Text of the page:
The International Monetary Fund (IMF) has a new report out claiming that fossil fuel is “mispriced” and that eliminating subsidies to the fossil fuel industry and adding carbon taxes could cut greenhouse gases by 13 percent.

Energy subsidies are pervasive and impose substantial fiscal and economic costs in most regions.
On a pre- tax basis, subsidies for petroleum products, electricity, natural gas, and coal reached $480 billion in 2011(0.7 percent of global GDP or 2 percent of total government revenues). The cost of subsidies is especially acute in oil exporters, which account for about two thirds of the total. On a post-tax basis which also factors in the negative externalities from energy consumption — subsidies are much higher at $1.9 trillion (2½ percent of global GDP or 8 percent of total government revenues). The advanced economies account for about 40 percent of the global post-tax total, while oil exporters account for about one third. Removing these subsidies could lead to a 13 percent decline in CO2 emissions and generate positive spillover effects by reducing global energy demand.

Removing subsidies has proved difficult even in the developed countries like America where ExxonMobil – which often ranks as the world’s richest company – still receives subsidies due to political influence. The IMF later offered some possible steps to reform subsidies.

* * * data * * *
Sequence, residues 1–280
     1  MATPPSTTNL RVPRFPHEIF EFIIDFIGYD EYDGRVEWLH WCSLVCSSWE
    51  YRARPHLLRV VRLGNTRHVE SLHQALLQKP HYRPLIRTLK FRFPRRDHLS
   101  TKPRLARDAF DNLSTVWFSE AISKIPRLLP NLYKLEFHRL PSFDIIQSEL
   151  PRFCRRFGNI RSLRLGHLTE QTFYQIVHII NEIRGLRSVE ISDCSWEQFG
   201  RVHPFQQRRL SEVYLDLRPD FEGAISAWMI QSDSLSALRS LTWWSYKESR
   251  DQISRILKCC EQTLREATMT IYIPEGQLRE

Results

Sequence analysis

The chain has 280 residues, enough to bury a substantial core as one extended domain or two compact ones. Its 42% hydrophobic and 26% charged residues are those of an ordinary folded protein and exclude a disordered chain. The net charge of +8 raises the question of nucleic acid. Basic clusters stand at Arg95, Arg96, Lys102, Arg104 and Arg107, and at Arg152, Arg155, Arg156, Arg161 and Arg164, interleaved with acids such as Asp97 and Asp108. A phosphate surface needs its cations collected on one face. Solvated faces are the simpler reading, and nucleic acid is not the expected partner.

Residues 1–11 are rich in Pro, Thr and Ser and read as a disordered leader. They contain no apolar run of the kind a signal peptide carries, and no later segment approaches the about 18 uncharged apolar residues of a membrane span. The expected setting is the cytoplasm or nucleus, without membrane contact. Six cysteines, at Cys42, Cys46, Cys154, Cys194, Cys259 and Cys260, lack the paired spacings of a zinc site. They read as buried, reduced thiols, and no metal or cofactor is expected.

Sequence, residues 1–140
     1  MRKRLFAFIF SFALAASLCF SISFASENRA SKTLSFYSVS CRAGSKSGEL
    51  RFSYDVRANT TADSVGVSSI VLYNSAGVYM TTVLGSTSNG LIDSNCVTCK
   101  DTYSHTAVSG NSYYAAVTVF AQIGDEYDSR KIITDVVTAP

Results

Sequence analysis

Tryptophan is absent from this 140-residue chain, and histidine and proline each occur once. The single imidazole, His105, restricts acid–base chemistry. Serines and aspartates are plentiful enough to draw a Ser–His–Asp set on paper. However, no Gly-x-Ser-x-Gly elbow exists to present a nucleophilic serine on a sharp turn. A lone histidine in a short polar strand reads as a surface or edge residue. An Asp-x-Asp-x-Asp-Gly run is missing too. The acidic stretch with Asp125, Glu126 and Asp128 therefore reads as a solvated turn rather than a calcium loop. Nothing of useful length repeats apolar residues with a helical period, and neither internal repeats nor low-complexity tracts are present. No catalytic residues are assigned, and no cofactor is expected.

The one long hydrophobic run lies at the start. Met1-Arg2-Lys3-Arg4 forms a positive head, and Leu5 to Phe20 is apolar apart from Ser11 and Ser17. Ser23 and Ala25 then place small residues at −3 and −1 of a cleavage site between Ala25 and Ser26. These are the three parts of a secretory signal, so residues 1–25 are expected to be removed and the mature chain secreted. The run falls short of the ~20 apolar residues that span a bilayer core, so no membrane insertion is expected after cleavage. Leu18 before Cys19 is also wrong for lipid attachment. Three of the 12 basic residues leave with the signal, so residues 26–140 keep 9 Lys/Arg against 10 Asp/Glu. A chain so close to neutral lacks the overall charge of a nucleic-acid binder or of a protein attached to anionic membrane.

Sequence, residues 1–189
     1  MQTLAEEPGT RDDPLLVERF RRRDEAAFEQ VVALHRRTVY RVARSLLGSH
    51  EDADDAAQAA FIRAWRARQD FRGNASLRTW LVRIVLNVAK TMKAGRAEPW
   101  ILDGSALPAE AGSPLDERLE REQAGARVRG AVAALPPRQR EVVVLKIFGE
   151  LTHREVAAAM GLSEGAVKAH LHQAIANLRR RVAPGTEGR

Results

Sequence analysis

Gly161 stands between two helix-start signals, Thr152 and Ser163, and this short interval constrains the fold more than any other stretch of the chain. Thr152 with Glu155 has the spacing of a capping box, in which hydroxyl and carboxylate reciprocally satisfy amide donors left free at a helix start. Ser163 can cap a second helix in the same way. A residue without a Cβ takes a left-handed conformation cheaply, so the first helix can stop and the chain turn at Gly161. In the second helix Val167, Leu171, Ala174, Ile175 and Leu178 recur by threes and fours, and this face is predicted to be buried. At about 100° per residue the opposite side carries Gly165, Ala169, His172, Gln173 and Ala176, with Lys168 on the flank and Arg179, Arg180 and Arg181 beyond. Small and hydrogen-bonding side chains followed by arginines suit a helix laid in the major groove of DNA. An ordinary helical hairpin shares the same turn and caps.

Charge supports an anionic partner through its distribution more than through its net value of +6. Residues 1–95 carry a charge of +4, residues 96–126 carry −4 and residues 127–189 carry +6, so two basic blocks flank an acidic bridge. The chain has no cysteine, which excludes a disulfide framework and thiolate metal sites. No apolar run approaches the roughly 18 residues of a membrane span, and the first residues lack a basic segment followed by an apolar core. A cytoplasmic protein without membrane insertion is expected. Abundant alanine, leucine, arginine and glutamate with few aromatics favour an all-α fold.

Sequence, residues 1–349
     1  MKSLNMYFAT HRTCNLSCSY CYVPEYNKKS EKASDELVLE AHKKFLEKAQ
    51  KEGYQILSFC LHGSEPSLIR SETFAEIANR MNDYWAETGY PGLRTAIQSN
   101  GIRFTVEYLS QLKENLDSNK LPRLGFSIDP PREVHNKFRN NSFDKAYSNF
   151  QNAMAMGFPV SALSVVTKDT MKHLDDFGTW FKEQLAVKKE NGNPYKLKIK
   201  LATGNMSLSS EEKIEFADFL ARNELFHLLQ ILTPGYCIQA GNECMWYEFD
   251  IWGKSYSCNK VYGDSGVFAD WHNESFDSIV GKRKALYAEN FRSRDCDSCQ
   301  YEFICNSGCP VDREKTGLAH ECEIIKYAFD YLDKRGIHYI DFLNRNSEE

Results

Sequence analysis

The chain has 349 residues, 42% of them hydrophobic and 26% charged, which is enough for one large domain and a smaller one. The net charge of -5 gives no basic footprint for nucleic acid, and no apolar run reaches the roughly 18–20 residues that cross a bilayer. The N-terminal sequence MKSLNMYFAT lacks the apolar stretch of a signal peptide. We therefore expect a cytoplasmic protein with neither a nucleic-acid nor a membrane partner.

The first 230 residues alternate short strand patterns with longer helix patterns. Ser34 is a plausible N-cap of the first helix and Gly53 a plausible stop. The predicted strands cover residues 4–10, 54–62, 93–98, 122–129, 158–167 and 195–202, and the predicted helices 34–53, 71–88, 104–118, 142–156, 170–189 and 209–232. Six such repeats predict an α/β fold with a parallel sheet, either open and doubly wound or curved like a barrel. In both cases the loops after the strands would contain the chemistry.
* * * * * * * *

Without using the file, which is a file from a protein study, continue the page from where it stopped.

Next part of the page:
While there is no single recipe for successful subsidy reform, country experiences suggest that the following ingredients are needed:

  • a comprehensive energy sector reform plan with clear long-term objectives with an analysis of the impact of reforms;
  • transparent and extensive communication and consultation with stakeholders, including information on the size of subsidies and how they affect the government’s budget;
  • price increases that are phased-in over time;
  • improving the efficiency in state-owned enterprises to reduce producer subsidies;
  • measures to protect the poor through targeted cash or near-cash transfers or, if this option is not feasible, a focus on existing targeted programs that can be expanded quickly; and
  • institutional reforms that depoliticize energy pricing, such as the introduction of automatic pricing mechanisms.

Looking at the steps the doubt sets in when considering the American context. While stakeholders have no difficulty communicating they simply don’t have the same interests and in America money usually wins political battles. Price increases, even phased in ones, are incredibly unpopular. Anyone running on raising gas taxes is in for trouble. There are no large state-owned enterprises. Cash transfers are considered welfare which contains its own issues as austerity is set to kick in. Automatic pricing sounds good until the rules are written to be gamed in Congress.

But as skeptical as one can be on these reforms working the alternatives are even worse – doing nothing and praying for a technological breakthrough that can bypass the political system.

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